One of the most common areas of law in which domestic violence comes up is in family law cases. What does that mean for you as an attorney? These resources will help you devise ways to appropriately screen for domestic violence, offer ways to most effectively and safely communicate with and represent your client, and answer common questions, like “How can you use evidence of domestic violence to secure the most equitable property award, especially in no-fault divorce jurisdictions?”
A domestic violence victim’s attorney’s role in advocating for safe and effective child custody orders, with provisions for safe visitation exchanges, cannot be overstated. Studies have shown that between 25% and 50% of disputed custody cases involve domestic violence, and the abuse will continue even after separation and/or divorce, frequently during visitation exchanges with the children. The following resources will help you better understand the issues that come up for victims seeking custody, what legal obstacles they face, and how to overcome them.
There are myriad issues that arise when considering child support orders in cases in which there is domestic violence perpetrated by one parent against another. Because economic dependence is one of the biggest factors preventing victims from being able to safely leave an abusive spouse, securing child support for your client is a top priority. However, what happens when a victim tells you that seeking child support services could actually endanger her or her children? How do you apply for a good cause exemption? How do you help your client collect arrears? What if one or both parents is incarcerated and unable to earn an income? You will need to think creatively, and help your client consider both legal and non-legal alternatives, while prioritizing safety.
Domestic violence will impact and shape the legal needs of victims across all areas of the law. The following links provide attorneys from a broad range of legal specialties with the resources needed to provide competent legal representation to clients experiencing relationship abuse.
A client may decide to seek a Domestic Violence Restraining Order (DVRO), a court order intended to protect victims of domestic violence from experiencing further abuse. The following resources provide information on how to apply for a DVRO in California, as well as information on DVRO laws in other states in the U.S.
Immigrant victims of domestic violence — whether documented or undocumented — face unique challenges to accessing safety and resources. The Violence Against Women Act created specific legal remedies designed to enhance and protect the rights of immigrants who are experiencing relationship abuse. The following resources will provide you with a basic understanding of what legal remedies are available for immigrant victims.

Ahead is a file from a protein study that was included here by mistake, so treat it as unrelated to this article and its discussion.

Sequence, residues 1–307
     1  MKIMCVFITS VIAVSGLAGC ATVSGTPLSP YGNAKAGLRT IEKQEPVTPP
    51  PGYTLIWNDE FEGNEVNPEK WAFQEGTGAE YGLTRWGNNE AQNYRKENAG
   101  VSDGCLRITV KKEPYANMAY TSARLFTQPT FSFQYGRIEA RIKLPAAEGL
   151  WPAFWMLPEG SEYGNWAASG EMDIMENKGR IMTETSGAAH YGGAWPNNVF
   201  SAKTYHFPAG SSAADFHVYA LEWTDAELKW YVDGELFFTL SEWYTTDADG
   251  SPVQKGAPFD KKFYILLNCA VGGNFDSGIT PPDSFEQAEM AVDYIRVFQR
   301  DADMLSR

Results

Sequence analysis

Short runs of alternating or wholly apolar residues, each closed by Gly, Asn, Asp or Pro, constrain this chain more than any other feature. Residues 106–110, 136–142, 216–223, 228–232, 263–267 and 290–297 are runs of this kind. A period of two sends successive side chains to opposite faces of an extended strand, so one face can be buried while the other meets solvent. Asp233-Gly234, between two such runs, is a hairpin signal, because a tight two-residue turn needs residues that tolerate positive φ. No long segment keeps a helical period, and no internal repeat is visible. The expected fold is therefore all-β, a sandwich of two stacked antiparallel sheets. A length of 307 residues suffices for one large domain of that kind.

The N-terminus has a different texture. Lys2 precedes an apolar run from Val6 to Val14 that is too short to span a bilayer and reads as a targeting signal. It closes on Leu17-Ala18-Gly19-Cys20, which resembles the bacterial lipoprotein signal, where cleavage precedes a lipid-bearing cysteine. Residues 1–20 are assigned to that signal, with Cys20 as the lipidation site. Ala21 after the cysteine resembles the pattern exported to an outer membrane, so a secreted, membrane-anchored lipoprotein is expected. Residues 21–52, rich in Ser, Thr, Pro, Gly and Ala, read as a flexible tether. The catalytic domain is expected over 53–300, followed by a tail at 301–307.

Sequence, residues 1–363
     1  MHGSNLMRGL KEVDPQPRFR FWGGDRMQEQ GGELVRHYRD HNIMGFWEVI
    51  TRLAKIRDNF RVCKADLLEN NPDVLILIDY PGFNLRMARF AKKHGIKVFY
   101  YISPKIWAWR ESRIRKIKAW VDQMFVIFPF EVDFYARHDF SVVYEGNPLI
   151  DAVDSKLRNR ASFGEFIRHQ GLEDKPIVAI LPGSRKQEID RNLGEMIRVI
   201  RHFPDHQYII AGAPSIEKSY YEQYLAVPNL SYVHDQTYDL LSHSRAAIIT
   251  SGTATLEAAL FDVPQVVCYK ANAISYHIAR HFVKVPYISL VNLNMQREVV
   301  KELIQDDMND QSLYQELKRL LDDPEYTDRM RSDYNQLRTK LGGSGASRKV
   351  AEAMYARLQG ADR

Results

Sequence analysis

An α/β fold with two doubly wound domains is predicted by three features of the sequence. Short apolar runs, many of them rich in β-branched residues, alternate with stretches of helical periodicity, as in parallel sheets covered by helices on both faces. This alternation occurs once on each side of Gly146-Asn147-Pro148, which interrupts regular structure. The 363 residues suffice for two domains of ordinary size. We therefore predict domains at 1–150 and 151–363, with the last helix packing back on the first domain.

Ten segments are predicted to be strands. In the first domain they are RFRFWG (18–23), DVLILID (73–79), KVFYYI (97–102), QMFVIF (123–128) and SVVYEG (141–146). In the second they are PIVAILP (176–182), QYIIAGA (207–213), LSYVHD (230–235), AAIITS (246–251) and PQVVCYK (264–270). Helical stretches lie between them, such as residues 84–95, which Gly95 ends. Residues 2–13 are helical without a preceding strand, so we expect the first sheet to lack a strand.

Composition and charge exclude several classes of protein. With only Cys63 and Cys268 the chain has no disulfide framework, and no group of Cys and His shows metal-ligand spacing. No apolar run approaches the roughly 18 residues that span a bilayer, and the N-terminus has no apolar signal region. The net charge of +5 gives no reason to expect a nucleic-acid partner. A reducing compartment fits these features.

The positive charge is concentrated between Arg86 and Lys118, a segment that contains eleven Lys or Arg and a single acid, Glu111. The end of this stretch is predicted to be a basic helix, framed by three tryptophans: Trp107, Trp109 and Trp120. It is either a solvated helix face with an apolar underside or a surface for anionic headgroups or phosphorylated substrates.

Title IX of the Education Amendment of 1972 (Title IX) provides, “No person in the United States shall, on the basis of sex, be excluded from participation in, be denied the benefits of, or be subjected to discrimination under any education program or activity receiving Federal financial assistance.” Sexual harassment, which includes sexual violence, is prohibited conduct under Title IX; therefore, educational institutions that receive federal funds are obligated to take proactive steps to prevent sexual violence on campus and address its effects on students. The following resources offer guidance for university legal counsel on how to best comply with the requirements set forth under Title IX.
Domestic violence/relationship abuse refers to intimate relationships, not child abuse. Because the vast majority of relationship abuse is committed by men against women in heterosexual relationships, this website sometimes contains the female gender pronoun when referring to the abused person. Domestic violence/relationship abuse happens at the same rate in LGBTQQ relationships and all of the information on this site is relevant for male victims and for individuals in same-gender relationships. In addition, please see our resources on same-gender
relationships. Our goal is to encourage helping professionals to be gender inclusive. This includes using gender-neutral language when working with individuals, while continuing to analyze gender as a construct that has implications on gender-based violence in both heterosexual and same-gender relationships.